If you’re planning to attend college or graduate school abroad as an international student, you should be aware that standardised English proficiency tests are a requirement for admission at most institutions.
Many of them accept the International English Language Testing System (IELTS), which was designed to show admissions departments that an applicant has enough grasp of the English language to tackle their subject matter. More than three million IELTS exams were taken over the past year and over 10,000 global institutions accept the standard.
How it works
IELTS takers can choose to take the exam on paper or computer. Both have a two hour and 45 minute time limit. There are four assessment sections: Listening, Reading, Writing and Speaking. Test takers receive a score (band) from 1 to 9 on each. The average score across all sections is rounded to the nearest whole or half band, such as 6.0 or 6.5, to calculate the overall band score.
There is no pass or fail, but institutions accepting the test set their own IELTS minimum score requirements, and these may vary. It’s important to check with individual schools to learn what constitutes a good IELTS score for undergraduate admission, alongside any other requirements. The majority of the top 200 undergraduate and graduate courses have minimum scores from 6.0 to 7.0, with some elite universities demanding figures around 7.5.
An effective means of IELTS preparation is by taking the test early. This not only provides experience of the test but also offers knowledge of your current level, which will help determine the score you want to achieve in the time available. The more you surround yourselves with English, the better you are.
Improve your score
Test takers need to properly learn the format of the exam, as many have performed poorly due to unfamiliarity or failure to follow instructions.
Besides IELTS-specific training, listening to English-language podcasts or radio stations on a daily basis can improve listening skills. Reading the news, either online or in print, can increase your reading level over time. If you feel your vocabulary isn’t up to scratch, the Word Ready App offers a frequency list, providing the words IELTS takers are most likely to see. Strengthening your vocabulary will also improve your writing.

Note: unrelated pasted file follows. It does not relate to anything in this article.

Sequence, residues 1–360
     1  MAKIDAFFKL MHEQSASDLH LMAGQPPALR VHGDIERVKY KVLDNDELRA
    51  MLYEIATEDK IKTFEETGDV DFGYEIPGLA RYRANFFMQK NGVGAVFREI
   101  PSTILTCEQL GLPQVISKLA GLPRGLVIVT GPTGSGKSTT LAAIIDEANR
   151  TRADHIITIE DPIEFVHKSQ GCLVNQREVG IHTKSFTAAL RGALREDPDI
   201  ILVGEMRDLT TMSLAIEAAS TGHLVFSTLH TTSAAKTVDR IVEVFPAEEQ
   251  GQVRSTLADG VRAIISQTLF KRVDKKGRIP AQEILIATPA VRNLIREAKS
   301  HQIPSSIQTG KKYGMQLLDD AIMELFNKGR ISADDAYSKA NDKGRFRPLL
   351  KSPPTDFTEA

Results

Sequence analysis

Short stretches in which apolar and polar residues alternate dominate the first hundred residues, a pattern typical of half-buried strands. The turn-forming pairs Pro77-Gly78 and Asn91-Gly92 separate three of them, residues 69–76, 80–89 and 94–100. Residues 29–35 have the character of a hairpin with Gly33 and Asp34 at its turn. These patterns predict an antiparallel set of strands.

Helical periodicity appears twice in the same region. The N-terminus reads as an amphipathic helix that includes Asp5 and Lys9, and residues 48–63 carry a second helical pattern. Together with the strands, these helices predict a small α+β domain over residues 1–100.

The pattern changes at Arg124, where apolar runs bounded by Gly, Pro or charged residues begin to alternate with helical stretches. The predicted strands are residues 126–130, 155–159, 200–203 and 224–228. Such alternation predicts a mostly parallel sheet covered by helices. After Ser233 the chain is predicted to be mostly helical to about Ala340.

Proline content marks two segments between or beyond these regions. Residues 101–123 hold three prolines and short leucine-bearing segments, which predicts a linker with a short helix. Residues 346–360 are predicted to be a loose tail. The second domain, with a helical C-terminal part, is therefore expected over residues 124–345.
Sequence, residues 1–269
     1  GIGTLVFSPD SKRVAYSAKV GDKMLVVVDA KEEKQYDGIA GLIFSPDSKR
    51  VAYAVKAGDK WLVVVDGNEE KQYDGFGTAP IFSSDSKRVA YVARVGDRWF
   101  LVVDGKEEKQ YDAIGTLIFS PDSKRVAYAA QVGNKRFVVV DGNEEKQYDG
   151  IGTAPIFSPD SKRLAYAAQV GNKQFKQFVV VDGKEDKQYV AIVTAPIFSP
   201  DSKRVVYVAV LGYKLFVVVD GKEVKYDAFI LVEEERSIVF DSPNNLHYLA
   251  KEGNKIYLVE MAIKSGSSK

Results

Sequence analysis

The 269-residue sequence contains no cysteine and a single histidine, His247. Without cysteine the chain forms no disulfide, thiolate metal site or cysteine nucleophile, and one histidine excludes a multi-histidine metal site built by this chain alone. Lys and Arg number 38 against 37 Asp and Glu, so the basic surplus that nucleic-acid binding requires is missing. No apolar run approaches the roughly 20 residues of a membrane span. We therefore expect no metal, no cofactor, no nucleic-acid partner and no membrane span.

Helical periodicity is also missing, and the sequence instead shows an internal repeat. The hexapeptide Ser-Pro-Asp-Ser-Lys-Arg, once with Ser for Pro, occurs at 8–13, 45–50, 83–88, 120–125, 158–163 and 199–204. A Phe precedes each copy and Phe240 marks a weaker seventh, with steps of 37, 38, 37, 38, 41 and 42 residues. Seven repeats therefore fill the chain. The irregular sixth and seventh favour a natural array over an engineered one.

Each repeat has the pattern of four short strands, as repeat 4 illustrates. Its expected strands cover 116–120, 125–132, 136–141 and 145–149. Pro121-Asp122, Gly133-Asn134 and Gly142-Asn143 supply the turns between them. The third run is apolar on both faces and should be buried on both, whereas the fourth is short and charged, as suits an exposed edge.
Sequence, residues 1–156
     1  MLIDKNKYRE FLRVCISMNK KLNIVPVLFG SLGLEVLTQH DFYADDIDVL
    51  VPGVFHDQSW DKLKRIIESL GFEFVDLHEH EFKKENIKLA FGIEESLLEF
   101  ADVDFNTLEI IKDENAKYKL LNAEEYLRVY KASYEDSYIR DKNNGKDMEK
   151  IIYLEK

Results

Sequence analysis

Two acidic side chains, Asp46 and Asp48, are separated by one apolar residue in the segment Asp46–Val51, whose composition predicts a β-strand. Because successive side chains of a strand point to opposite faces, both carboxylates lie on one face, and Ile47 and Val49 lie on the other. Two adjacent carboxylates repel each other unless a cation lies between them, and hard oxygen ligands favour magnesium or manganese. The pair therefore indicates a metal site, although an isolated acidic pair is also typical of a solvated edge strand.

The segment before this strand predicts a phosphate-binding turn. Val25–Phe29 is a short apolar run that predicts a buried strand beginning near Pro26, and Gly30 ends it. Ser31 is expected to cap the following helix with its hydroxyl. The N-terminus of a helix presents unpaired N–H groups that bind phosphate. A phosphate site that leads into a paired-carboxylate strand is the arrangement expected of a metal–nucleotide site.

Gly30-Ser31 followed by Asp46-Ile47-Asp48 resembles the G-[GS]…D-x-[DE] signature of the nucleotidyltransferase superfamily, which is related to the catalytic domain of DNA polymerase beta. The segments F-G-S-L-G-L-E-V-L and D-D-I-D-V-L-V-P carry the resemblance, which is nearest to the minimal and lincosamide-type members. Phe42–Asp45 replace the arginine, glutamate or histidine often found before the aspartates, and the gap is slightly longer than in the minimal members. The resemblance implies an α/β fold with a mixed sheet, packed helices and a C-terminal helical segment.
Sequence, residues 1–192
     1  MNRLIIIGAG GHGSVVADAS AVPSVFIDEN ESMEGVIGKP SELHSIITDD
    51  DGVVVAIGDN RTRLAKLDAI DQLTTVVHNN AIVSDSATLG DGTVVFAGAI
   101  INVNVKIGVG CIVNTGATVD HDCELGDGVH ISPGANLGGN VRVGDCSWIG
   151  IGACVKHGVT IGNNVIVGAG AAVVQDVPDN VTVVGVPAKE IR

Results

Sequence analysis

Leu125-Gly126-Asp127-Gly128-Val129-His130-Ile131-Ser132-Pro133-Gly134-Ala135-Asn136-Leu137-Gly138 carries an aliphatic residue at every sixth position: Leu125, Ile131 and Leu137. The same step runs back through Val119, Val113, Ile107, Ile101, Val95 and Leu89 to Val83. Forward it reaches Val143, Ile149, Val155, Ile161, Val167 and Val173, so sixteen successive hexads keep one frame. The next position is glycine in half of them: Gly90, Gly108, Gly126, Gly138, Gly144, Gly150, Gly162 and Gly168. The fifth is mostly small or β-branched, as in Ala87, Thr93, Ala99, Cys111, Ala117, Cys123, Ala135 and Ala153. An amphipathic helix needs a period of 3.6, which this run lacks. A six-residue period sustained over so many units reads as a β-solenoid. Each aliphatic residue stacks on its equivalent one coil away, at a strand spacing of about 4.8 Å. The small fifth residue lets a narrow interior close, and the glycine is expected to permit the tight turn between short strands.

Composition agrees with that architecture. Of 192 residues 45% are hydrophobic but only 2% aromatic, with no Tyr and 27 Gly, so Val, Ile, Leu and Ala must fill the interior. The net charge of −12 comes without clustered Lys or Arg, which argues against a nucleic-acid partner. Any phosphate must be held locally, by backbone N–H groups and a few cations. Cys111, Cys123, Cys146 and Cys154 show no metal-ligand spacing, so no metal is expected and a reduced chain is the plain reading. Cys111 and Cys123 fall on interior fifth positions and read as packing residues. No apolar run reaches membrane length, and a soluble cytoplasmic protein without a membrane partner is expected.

Doing plenty of practice essays under strict time limits is one of the best ways to improve your writing. The final section is speaking. It includes between four and five minutes of discussion about your hobbies, hometown or school; a prompt about a specific topic, which you’ll get one or two minutes to talk about; and four or five minutes of further discussion about the prompt topic.
There’s no shortage of resources offered by the British Council. Road to IELTS, Ask The Expert (a Facebook Live series), Future Learn, IELTS Ready workshops, familiarisation videos on YouTube channels and Takeielts.org are just a few. The British Council provides resources at its teaching centres in Abu Dhabi, Dubai and Sharjah and runs classes specifically for IELTS takers.
Ultimately, plenty of practice is the best method.
What is IELTS?
IELTS is an English language proficiency test for higher education and global migration. More than 10,000 organisations globally trust IELTS, so when you take the test you can be confident that it is recognised by educational institutions, employers, governments and professional bodies around the world. As one of the pioneers of four skills English language testing 30 years ago, IELTS continues to set the standard for English language testing today.
To find out more about the format of the test as well as about IELTS at the British Council, visit Britishcouncil.ae/en/exam/ielts/prepare
Take computer-delivered IELTS at the British Council office in Sharjah
The British Council has launched computer delivered testing at its Sharjah office last week. The latest test venue is located conveniently on King Abdul Aziz Street, popularly known as Bank Street, on the 4th floor of Omran Tower, above Mashreq Bank.
“The British Council is always looking for providing more choice to test takers in IELTS test preparation, test venues, test dates and test formats,” said Deep Adhikari, Director — Exams, The British Council Gulf South, as he launched the test venue.
The computer delivered test does not differ much from the paper-based test but does offer more availability of test dates and faster results, within five to seven calendar days after the test has been complete. The test content, timing, and structure remain the same in both options and, importantly, the speaking test remains face-to-face with a certified IELTS examiner.